Equine groups sue BLM over planned sterilization project of wild mares

Mustang Mare and Foal. Unaccredited Google search result image.
Mustang Mare and Foal. Unaccredited Google search result image.

(CNN, By Ellie Kaufman, Sept 25, 2018) — Nonprofit organizations are taking to the courts to try to stop an Interior Department project that would sterilize up to 100 wild female horses in Oregon through a procedure the groups deem “dangerous” and “inhumane.”

Front Range Equine Rescue, a nonprofit organization that works to stop cruelty and abuse of horses, filed a federal lawsuit in Washington D.C. challenging the Interior Department Bureau of Land Management’s project on September 24. The group claims that the project violates a number of laws, including the Wild Free-Roaming Horses and Burros Act and the National Environmental Policy Act.

The American Wild Horse Campaign and the Cloud Foundation, along with two individuals, filed a separate federal lawsuit in Oregon on September 21 claiming the government project violates the First Amendment because it does not allow outside groups to adequately observe the proposed experiment. It also believes the project violates the same laws Front Range Equine Rescue argues in their suit.

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The Cloud Foundation Wins Reprieve for Pryor Wild Horses

The Temporary Restraining Order was granted. See Press Release below. There is a further hearing set for September 28th in Billings, Montana. Learn more at The Cloud Foundation.

THE CLOUD FOUNDATION PRESS RELEASE

Cloud the Stallion. Image: PBS.
Cloud the Stallion. Image: PBS.

Temporary Retraining Order prevents September 2 Trapping and Removal

COLORADO SPRINGS, CO – Susan P. Watters, United States District Judge, has ruled in favor of Ginger Kathrens and the Cloud Foundation in their efforts to protect the small Pryor Mountain mustang herd from capture and removal stating, “Plaintiffs’ application for TRO is GRANTED. Defendants are hereby ENJOINED from conducting the wild horse gather set for September 2, 2018, pending a hearing on Plaintiff’s motion for preliminary injunction.”

“We won,” stated a jubilant Ginger Kathrens, who brought the herd to international prominence with her documentaries about Cloud, a charismatic palomino stallion she documented from the day he was born. “I hope that the TRO and what we believe will be a permanent decision later next month, will ensure a lasting future for this unique Spanish herd.”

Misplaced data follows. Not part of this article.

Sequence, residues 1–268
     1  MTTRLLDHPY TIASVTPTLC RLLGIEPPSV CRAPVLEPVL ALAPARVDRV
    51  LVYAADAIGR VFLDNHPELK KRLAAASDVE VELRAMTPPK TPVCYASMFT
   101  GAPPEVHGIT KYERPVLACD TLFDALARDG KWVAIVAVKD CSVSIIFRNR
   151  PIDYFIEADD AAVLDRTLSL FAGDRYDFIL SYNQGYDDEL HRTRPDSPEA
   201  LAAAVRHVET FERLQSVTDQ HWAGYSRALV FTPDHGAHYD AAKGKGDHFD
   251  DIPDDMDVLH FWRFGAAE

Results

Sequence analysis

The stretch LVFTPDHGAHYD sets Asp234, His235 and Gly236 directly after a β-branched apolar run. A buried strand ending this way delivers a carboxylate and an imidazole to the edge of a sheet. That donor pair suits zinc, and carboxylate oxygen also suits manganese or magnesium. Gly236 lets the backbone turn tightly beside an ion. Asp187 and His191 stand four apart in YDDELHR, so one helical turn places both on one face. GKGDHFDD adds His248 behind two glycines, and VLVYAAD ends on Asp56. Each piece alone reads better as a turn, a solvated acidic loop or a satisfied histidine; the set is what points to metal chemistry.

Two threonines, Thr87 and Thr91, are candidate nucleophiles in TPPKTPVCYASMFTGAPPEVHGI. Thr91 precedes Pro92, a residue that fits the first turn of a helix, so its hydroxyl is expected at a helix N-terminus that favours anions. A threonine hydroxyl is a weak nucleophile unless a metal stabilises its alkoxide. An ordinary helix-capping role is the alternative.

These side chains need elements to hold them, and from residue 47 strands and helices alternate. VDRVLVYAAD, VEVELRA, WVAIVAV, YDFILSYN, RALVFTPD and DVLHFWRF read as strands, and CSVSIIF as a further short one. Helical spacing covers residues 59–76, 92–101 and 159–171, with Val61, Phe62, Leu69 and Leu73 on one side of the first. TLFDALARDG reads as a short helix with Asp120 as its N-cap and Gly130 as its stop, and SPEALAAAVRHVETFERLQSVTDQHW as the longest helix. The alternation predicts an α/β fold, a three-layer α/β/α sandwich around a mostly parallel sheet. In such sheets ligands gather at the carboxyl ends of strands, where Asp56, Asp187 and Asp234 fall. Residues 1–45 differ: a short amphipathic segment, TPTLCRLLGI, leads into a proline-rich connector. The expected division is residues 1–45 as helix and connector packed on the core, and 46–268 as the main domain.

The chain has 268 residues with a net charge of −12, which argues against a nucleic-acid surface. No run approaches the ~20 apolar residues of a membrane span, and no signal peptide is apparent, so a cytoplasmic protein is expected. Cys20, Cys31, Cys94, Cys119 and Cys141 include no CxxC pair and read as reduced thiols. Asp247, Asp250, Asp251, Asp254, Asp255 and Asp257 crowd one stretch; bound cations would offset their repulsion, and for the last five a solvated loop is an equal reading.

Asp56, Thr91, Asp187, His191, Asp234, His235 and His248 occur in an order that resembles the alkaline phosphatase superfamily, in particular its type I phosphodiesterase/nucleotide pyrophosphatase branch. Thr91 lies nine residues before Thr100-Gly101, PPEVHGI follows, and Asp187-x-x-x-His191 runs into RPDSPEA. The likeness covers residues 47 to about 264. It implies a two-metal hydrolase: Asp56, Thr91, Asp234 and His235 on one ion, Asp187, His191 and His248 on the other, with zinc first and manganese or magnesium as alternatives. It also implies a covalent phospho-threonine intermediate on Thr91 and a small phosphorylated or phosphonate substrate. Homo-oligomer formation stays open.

In her ruling Judge Waters acknowledged that BLM fell short in managing for both rare genetics and the unusual colors.

The Pryor Mustangs are descended of Crow Indian horses (the range borders reservation lands) and before that, the horses of the Conquistadors. Genetic and color experts have concluded that this is a rare Spanish Colonial herd. Their range is located on the Montana/Wyoming border east of Yellowstone National Park. Kathrens, who began her journey with wild horses in 1994, was ridiculed in the Government’s brief for repeated efforts to protect the Pryor Herd, stated. “I hope this is a turning point for America’s beleaguered wild horse herds that have been so cruelly treated and that the BLM will finally adopt humane methods of management that take into account the essential need for family structures and the basic right to live in freedom as the Wild Horse and Burro Act intended.”

In her decision to grant the TRO Judge Watters states: “BLM argues that one removal action will not result in the permanent loss of genetic diversity of the Pryor Herd. … This conclusion is contrary to the evidence before the court. Extinction of a bloodline or phenotype is, by its nature, loss of genetic diversity. And extinction, meaning forever, is certainly a long duration. This court finds that Plaintiffs have established a likelihood of irreparable harm absent a TRO.”

“We could not have brought this suit without a high level of confidence in our donors.” Kathrens continued. “Cloud fans are loyal to wild horses and understand that maintaining the family structure and genetic strength are the essentials to living wild. This one’s for you Cloud!”